MONITORING AND TREATMENT
Observe for CNS signs such as agitation or restlessness. Heart rate and rhythm, blood pressure, and body temperature should
be monitored carefully. If marked hyperthermia is present, monitor for the development of disseminated intravascular coagulation.
When hyperthermia is marked, cooling techniques should be instituted. If ventricular arrhythmias are detected, an echocardiographic
examination should be considered.
Nitroprusside can be used to treat hypertension (1 to 2 µg/kg/min; increase the dose incrementally every three to five minutes,
if necessary, until desirable blood pressure is achieved).1 If nitroprusside is unavailable, a low dosage of acepromazine may be given (0.02 mg/kg intravenously) and increased in small
amounts to the desired effect.10
Phenothiazines are also effective for the anxiety or agitation that can be seen.
Bradycardia is usually a reflex mechanism that does not require specific intervention and is expected to resolve with correction
If marked supraventricular tachycardia is present, a beta-1-specific beta-blocker can be used, such as esmolol at 0.2 to 0.5
mg/kg given intravenously over one to two minutes or 25 to 200 µg/kg/min as a constant-rate infusion.1 Propranolol, a nonspecific beta-blocker, should be avoided since blockade of beta-2 receptors may worsen any hypertension
that is present. Ventricular arrhythmias may be treated with lidocaine or other appropriate antiarrhythmics. Intravenous fluids
should be administered to maintain hydration, provide venous access, and promote adequate renal function. Fluids should be
administered judiciously when hypertension is present. Other supportive measures should be instituted as needed.
Depending on the dose, clinical signs may persist up to 48 hours. Ideally, patients should be monitored in the hospital until
they are not exhibiting any clinical abnormalities and are not receiving any medications for CNS or cardiovascular signs for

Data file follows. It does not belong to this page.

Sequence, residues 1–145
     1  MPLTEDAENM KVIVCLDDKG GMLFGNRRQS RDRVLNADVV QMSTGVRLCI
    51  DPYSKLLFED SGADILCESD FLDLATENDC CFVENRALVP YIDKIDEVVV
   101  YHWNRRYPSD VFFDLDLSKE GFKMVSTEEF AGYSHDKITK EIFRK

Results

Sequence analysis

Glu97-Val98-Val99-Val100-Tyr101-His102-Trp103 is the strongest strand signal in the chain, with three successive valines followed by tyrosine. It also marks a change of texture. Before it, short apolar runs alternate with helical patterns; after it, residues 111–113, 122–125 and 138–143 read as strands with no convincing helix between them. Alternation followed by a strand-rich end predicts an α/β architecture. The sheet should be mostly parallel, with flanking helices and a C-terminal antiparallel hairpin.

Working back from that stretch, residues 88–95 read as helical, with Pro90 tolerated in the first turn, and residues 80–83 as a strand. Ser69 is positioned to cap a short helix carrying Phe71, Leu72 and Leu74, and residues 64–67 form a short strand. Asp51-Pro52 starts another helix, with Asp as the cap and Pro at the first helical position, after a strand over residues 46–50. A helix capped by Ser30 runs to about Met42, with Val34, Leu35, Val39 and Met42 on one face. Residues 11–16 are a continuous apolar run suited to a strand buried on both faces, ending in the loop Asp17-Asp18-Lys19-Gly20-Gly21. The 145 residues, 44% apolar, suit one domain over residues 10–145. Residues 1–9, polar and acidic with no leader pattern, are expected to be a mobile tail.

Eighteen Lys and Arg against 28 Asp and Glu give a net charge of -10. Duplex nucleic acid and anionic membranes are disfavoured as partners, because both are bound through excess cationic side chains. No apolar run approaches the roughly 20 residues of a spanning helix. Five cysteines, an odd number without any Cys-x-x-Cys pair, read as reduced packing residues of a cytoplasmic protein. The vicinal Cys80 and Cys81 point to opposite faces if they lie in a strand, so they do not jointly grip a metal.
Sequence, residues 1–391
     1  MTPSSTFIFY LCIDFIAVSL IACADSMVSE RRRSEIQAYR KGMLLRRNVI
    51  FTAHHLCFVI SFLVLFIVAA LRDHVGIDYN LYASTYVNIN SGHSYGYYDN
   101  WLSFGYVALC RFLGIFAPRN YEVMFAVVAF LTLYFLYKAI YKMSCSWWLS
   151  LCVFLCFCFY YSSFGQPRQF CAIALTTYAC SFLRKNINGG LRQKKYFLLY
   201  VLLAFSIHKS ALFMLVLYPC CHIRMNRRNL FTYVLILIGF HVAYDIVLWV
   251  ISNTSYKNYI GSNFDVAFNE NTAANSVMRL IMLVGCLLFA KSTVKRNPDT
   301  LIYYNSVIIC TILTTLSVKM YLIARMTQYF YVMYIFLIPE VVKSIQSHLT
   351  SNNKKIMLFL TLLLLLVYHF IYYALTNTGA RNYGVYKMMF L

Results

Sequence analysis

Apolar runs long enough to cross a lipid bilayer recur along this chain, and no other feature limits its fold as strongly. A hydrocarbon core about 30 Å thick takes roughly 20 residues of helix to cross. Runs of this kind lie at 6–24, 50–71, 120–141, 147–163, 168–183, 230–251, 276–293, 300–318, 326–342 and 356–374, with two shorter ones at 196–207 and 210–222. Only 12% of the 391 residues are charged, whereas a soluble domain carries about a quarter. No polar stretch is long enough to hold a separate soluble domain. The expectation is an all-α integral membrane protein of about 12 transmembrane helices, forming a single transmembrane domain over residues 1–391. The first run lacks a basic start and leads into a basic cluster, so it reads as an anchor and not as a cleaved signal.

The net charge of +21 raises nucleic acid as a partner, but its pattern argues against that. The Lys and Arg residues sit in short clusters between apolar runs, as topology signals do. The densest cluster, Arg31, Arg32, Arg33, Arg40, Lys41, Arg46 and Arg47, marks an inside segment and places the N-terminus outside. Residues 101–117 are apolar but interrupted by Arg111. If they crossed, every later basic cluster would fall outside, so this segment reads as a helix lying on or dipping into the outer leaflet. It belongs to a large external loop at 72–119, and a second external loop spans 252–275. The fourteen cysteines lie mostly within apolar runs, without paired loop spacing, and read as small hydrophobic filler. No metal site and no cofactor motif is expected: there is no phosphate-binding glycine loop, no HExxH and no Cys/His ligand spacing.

six to eight hours. If a patient has experienced marked ventricular arrhythmias, follow-up echocardiographic and electrocardiographic
examinations may be indicated. With appropriate symptomatic treatment, a full recovery is expected.
"Toxicology Brief" was contributed by Dr. Judy K. Holding, ASPCA Animal Poison Control Center, 1717 S. Philo Road, Suite 36,
Urbana IL 61802. The department editor is Petra Volmer, DVM, MS, DABVT, DABT.
1. Plumb DC. Plumb's veterinary drug handbook. 6th ed. Ames, Iowa: Blackwell Publishing, 2008;68,359,660,726-727.
2. FDA Talk Paper: FDA issues public health warning on phenylpropanolamine; Nov. 6, 2000. Available at http://www.fda.gov/Drugs/DrugSafety/InformationbyDrugClass/ucm150763.htm
3. Hussain M, Aungst B, Lam G, et al. Phenylpropanolamine pharmacokinetics in dogs after intravenous, oral, and oral controlled-released
doses. Biopharm Drug Dispos 1987;8(5):497-505.
4. AnTox Database. Urbana, Ill: ASPCA Animal Poison Control Center, 2003-2011.
5. PRN Pharmacal: Proin product label. Pensacola, Fla.
6. Veterinary Product Laboratories: Cystolamine product label. Phoenix, Ariz.
7. Phenylpropanolamine. In: POISINDEX System [intranet database]. Version 5.1. Greenwood Village, Colo: Thomson Reuters (Healthcare)
8. Crandell JM, Ware WA. Cardiac toxicity from phenylpropanolamine overdose in a dog. J Am Anim Hosp Assoc 2005;41(6):413-420.
9. Poppenga R. Treatment. In: Plumlee KH, ed. Clinical veterinary toxicology. Mosby, St. Louis, Mo: Mosby, 2004;15.
10. Tranquilli WJ. College of Veterinary Medicine, University of Illinois, Champaign, Ill: Personal communication with Dr. Judy